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The town and its history

Surrounded by wild and pristine landscapes, San Antonio de Areco immerses ourselves in the Argentinian Gaucho culture.

At one-hour drive from Buenos Aires along the National Road “number 8” (Ruta 8), the vast plains of the Pampas make an appearance and show us their vastness.  When we arrive in San Antonio de Areco, we have arrived at the centre of Gaucho culture.

Wandering along the colonial streets, time seems to have stopped. All you have to do is sit at a table in a pulpería (old bar) to be convinced. The decor hasn’t changed since last century and no one seems at all interested in altering it. The Gaucho, never without his beret, likes to spend his spare time with a glass of wine in hand partaking in vigorous discussions!

The Estancias (old working ranches) and the small rural towns surrounding the San Antonio de Areco; Villa Lia, Duggan and Vagues, also offer a warm welcome to curious visitors. Traditions are respected and upheld with taste and refinement: each meal is an opportunity to enjoy a delicious asado, the renowned Argentine barbecue.

The artisans of San Antonio de Areco are another major attraction of the town. Dedicated to the equestrian world and more particularly to the gauchos, they create, with unparalleled expertise, must-have accessories for horse riders. For example; typical belts decorated with coins (rastra), silver knives (facón), leather boots and mate gourds. Depending on their mood, you may see them at work in their workshops, but even in this milieu, the artisans have the “Gaucho mentality”: nothing should ever be rushed and the work must be carried out with passion. These men are not only artisans but true artists.

In 1999, the National Commission for Museums, Monuments and Sites of the Ministry of Culture declared the following places of San Antonio de Areco as National Monuments: the Old Bridge, the Park Criollo & Ricardo Güiraldes Museum, the pulpería La Blanqueada, the church of St. Anthony of Padua, the town hall and the main house of the Estancia La Porteña.

On the 20th of January 2015, the Argentine Congress enacted Law No. 27.105 to distinguish San Antonio de Areco with the title of National Capital of Tradition!

The history


The town was founded as Pagos de Areco in 1730, during the construction of the Parish Saint Anthony of Padua in San Antonio de Areco, dedicated to Saint Anthony of Padua.

Ranquel: painting from Madero Marenco

Before being conquered by the Spanish, the region was populated by indigenous tribes such as the Ranqueles, the Querandíes and the Pampas Indians. Under the weight of Spanish “civilization”, the tribes gradually disappeared, which led to the interbreeding between Indians, “conquistadors” and black slaves. This is how the emblematic Gaucho was born; a dark skinned, hot-blooded mestizo…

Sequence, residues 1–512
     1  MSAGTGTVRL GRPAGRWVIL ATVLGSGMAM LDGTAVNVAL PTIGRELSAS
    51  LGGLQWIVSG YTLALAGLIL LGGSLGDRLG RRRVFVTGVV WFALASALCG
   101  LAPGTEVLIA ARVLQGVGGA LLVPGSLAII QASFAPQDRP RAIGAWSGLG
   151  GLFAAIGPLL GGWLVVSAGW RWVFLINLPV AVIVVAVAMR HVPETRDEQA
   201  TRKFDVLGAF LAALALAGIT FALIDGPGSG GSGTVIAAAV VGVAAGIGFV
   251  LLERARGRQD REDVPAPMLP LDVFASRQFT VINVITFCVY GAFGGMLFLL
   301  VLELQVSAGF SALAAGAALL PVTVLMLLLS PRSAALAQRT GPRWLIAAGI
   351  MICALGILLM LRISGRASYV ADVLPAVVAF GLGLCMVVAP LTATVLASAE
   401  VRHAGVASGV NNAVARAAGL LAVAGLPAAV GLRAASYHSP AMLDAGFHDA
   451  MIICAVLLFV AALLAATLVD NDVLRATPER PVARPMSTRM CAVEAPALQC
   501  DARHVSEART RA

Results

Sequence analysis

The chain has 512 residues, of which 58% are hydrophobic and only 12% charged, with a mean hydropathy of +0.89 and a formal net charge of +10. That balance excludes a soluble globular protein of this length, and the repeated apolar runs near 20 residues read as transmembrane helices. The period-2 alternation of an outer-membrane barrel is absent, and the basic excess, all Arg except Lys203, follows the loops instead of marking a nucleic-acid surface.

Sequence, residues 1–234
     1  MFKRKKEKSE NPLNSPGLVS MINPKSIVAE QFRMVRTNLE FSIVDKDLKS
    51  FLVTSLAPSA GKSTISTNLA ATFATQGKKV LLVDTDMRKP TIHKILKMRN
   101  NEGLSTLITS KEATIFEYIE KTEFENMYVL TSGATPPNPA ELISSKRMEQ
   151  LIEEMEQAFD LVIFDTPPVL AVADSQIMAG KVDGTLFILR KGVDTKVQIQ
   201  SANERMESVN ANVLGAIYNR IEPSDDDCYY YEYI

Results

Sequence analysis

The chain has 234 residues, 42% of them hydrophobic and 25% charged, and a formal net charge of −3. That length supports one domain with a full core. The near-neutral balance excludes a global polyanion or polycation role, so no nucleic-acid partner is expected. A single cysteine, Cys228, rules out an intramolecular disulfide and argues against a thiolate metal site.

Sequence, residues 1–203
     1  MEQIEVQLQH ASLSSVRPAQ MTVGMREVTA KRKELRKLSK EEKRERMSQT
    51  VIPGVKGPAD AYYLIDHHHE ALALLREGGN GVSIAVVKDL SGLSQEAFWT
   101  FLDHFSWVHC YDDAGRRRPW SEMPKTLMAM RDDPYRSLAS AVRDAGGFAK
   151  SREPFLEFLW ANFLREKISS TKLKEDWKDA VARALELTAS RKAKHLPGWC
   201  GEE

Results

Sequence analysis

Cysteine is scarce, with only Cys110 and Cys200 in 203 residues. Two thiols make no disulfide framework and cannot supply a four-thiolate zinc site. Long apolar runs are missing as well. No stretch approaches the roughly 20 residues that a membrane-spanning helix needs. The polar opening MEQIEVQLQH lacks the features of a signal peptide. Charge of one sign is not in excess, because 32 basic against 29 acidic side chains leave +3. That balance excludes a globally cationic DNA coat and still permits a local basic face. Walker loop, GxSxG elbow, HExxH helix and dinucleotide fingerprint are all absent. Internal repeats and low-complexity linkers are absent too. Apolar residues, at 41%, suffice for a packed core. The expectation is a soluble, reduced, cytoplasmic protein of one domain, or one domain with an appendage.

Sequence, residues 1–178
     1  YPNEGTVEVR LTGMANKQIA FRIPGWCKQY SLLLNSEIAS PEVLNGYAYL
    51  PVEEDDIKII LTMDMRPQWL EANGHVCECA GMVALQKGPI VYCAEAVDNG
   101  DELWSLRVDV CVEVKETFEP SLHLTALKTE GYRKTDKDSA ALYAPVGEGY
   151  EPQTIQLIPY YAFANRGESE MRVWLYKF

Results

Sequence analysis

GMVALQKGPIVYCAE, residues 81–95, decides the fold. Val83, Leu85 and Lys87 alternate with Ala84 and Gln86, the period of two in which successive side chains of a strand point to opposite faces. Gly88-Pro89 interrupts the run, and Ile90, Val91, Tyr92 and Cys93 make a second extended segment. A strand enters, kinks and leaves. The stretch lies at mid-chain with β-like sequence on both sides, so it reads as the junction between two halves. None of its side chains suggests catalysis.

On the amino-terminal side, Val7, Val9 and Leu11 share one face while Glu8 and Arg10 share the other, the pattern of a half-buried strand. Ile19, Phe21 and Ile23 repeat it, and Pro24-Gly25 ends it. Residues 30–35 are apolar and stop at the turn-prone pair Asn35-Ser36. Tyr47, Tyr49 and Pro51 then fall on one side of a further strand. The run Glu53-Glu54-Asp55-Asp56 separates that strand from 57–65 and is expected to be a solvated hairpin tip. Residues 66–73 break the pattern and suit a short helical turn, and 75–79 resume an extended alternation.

At the beginning of the 18th century, the main square, Ruiz de Arellano, served as a corral for the first Estancieros (farm owners) who had founded the town.

These European settlers, sent by the king of Spain, had the objective to occupy the new territories of the Pampa and cultivate the land there.

Gradually, the town expanded around the colonial square, its rhythm set by the daily work of the gauchos and other villagers.

In 1857 the Martinez bridge was built, which is now known as Puente Viejo.  In the past, you had to pay a fee to cross the bridge: the first toll in Argentina was born! The bridge is located on the old Royal Road called in Argentina Camino Real which, before the independence of Argentina, connected Alto Peru (the present-day Peru and Bolivia) to Buenos Aires. It follows the original route plotted out by the carriages which traveled between North and South (Buenos Aires).

San Antonio de Areco has for centuries been home to the traditions and customs inspired by the Gauchos, but the town really started to embrace its fame following the publication, in 1926, of the famous novel Don Segundo Sombra, which follows the meeting between a Gaucho and an orphan in the Blanqueada, a typical pulpería of San Antonio de Areco.

The writer of the book, Ricardo Güiraldes, lived there for a long period of time, and a museum dedicated to the Gaucho culture bears his name. In his novel Don Segundo Sombra, he portrays a poor man’s situation, who is richer than anyone else because he owns nothing nor wants for more.

This idealized vision now belongs to history, as the Gauchos have settled down and raise livestock on the Estancia owners’ land. Nevertheless, meeting these centaurs of the Pampas is a unique experience as their culture and traditions are alive and well.

The Argentine poet and novelist Ricardo Güiraldes, author of “Don Segundo Sombra”, won the National Prize of Literature for this book. Many historians and locals tell that the main character was inspired by the charismatic Segundo Ramírez, a gaucho of the town.

 

It is said that Segundo Ramirez lived and worked at the estancia of the Güiraldes family, he also worked at the Estancia La Fe, before finally moving to the township where he worked at Estancia La Lechuza.  It was common to see him in the local bars or at the headquarters of conservative political circles which were located on Ruiz de Arellano square.

Over the centuries, the village has managed to preserve its heritage and identity, becoming one of the most visited historic places in the province of Buenos Aires.

Every year during the week of November 10th, San Antonio de Areco celebrates the Fiesta de la Tradición or Festival of Tradition, the official event for the Argentine gauchos. It is a fantastic opportunity to discover various equestrian Gaucho demonstrations.


San Antonio de Areco

The town and its history


Surrounded by wild and pristine landscapes, San Antonio de Areco immerses ourselves in the Argentinian Gaucho culture.